Couldn’t agree more!

  4. Andreas Werner

    I actually like the fact that they destroyed the other lenses.  To me, it was an outward expression of their commitment to the review. 

    I did cringe a little though  =)

  5. Shades Zone

    Why destroy your gear?

  6. Eric Anderson

    If they can afford it then more power to them. Personally I think it was one of the best reviews I’ve seen. They compared features that I care about as a photographer, and alerted me to a feature I didn’t even know Tameron had on that lens. All of this, plus the production of the review was great.

  7. Kevinduquemin

    all I said was NOOOOOOOOOOOOOOOOOOOOO when he hit the 24-702.8 L for six

  8. Marlon

    Maybe the Canon and Nikon they hit were just them hot water flask you get from eBay?

    • Kevinduquemin

      that would be why they did not brake up at all ,did nt think of that ,but that sigma was  in millions of bits

  9. dzakary

    I would have preferred they rent the lenses, test them and use the money they saved from the purchase to either give to a charity or give away 1 of the lenses to their audience.

  10. marxxxo

    Hay que ser muy hueon para romper lentes sin sentido; no eres cool.

  11. Bjoern Schulz

    absolutly wrong !!!

  12. Guest

    First and for sure last video of yours that I’ve ever seen! Destroying the lenses was just some non-sense #*^! … totally agree with “dzakary” ‘s comment. Think about it…

  13. Ben Meir Ohayon

    they busted lenses so sites like yours can review their absurd video and complain about lens bashing. but at the same time generate traffic for them. lensbashers 1  slr lounge 0.

    (im pretty sure canon and nikon were just cups, and sigma was probably a broken version bought off ebay for the video)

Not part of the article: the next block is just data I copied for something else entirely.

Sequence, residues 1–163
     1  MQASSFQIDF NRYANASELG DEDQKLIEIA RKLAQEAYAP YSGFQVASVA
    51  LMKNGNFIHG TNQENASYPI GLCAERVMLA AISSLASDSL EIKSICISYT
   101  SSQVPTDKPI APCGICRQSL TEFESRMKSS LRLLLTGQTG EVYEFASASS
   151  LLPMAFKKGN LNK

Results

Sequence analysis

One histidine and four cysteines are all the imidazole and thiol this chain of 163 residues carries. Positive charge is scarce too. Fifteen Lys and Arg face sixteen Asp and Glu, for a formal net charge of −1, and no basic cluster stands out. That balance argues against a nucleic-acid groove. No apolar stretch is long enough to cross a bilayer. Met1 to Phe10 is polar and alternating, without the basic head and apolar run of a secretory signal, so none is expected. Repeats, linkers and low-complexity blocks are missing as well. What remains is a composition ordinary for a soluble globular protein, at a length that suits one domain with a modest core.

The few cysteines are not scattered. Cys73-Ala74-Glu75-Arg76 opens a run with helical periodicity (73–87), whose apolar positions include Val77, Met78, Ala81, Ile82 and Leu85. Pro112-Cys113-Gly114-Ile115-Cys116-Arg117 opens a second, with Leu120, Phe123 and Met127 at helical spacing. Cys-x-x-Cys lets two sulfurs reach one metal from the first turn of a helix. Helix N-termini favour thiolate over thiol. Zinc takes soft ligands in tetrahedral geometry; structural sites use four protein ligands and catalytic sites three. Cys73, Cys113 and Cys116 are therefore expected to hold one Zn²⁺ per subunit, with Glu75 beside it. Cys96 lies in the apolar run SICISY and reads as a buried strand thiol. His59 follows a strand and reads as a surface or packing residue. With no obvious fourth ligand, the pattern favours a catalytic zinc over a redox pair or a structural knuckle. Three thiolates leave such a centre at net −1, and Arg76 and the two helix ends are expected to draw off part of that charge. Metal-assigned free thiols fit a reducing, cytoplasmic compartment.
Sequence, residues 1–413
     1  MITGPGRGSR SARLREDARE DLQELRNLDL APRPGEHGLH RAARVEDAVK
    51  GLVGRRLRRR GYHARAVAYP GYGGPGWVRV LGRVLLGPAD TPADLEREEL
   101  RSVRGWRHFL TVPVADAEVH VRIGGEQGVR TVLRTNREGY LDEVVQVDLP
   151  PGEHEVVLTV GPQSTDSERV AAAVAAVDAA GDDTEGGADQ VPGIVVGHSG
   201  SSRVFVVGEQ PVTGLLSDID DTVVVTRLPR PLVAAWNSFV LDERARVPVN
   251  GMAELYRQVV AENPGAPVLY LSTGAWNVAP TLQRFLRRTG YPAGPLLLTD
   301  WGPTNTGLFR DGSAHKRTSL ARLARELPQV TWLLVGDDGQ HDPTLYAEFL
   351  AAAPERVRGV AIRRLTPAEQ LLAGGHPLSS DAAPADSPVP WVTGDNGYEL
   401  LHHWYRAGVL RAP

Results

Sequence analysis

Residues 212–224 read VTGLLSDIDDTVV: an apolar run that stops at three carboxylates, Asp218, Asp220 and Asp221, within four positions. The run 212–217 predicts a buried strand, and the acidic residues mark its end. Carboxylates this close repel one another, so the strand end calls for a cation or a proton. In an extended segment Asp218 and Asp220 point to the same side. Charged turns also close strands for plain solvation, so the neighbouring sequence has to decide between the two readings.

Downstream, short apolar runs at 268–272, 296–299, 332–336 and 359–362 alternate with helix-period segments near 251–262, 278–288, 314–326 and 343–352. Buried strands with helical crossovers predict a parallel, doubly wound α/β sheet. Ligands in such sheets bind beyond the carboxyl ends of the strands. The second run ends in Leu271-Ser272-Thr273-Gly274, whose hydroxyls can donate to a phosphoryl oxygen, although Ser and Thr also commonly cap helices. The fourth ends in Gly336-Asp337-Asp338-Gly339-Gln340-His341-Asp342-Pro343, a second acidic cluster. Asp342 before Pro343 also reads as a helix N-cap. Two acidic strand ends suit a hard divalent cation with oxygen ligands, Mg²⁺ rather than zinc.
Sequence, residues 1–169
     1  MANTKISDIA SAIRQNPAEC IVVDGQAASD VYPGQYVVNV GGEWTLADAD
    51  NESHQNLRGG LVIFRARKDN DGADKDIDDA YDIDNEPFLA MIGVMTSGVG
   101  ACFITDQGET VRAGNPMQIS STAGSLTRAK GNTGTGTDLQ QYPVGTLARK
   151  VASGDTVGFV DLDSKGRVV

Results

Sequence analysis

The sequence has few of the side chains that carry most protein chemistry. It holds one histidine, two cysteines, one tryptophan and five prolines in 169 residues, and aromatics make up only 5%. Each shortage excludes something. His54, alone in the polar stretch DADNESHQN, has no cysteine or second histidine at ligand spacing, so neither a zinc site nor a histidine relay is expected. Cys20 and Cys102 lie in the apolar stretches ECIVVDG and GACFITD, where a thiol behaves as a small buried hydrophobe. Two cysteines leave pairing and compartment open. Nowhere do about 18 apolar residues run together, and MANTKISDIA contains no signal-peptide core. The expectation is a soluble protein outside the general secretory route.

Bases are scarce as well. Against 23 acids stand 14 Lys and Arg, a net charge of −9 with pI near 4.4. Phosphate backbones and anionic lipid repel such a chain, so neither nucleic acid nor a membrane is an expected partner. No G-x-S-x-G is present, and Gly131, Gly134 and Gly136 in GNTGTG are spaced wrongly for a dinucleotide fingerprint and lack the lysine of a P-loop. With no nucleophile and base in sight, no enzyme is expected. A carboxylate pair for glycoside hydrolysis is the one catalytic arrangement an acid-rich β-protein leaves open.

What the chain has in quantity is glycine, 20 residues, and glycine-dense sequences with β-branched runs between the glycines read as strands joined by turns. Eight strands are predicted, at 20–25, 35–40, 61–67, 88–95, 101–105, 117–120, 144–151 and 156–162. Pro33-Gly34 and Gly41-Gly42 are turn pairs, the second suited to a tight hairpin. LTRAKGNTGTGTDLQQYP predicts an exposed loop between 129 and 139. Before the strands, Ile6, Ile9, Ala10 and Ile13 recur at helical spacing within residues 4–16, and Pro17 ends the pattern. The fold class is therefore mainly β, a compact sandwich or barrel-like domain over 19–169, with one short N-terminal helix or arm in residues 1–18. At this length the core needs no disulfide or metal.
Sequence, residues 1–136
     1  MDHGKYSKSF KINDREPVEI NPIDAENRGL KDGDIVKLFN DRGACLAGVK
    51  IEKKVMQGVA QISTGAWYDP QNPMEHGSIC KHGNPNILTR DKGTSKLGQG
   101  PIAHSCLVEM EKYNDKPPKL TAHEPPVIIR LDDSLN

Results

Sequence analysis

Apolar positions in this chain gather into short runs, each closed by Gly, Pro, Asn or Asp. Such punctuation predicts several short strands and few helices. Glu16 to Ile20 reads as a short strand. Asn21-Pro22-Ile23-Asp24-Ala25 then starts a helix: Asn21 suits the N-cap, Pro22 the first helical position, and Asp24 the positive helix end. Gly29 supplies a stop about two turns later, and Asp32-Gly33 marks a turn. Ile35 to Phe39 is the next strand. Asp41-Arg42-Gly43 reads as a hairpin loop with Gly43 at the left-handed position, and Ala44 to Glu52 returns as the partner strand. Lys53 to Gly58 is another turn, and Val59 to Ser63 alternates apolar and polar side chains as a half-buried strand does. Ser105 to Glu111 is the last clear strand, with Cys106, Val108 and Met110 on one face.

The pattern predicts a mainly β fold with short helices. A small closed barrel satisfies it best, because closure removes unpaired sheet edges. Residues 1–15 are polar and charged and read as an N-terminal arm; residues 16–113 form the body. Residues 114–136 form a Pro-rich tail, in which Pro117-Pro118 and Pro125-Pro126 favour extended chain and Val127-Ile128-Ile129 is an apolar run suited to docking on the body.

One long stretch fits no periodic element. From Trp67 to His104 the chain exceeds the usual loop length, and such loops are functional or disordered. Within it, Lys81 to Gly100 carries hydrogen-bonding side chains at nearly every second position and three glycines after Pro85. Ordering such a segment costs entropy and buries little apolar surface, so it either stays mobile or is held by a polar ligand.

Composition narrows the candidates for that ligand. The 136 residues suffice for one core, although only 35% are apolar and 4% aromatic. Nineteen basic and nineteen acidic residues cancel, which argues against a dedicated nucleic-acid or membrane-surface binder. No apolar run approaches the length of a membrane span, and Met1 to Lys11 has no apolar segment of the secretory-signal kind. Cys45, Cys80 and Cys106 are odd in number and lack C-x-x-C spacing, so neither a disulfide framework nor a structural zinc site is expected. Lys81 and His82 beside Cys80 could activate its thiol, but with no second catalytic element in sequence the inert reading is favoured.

14. Wil G

    nooooooooo… whyyyyyyyy!?!?!?   (**whimpers in the corner)

  15. John m

    Pretty sure the nikon and canon are just cheap coffee mugs.  Look at the Nikon on the ground.  

  16. Jason McDonald

    While I can’t say with 100 percent certainty, I’m guessing they are mugs and/or already busted lenses. I doubt they will come out and say “They were fake.” because then it would take away the shock factor which generated the traffic. Enjoyed the review, fake breaks or not…

  17. Martin

    The WOMP guys are great, they are very didactic and entertaining. 
    They use the “break thigs” trick pretty often (see and i am a neanderthal who finds that hilarious :D

  18. Mike Rotman

    Thanks Matthew- excited to hear what people think.

  19. Dave Phillipich

    I personally prefer the shotgun taking out the Nikon in episode 2 – or the classic sledgehammer to the Canon in the original. John Pellett, photographer extraordinaire, is a maestro of camera destruction.

  20. Beth Shaw

    OMG. I LOVE WOMP. Especially when that nerdy guy with the glasses broke the 5D MIII. That and the strippers in episode one is what got me hooked!!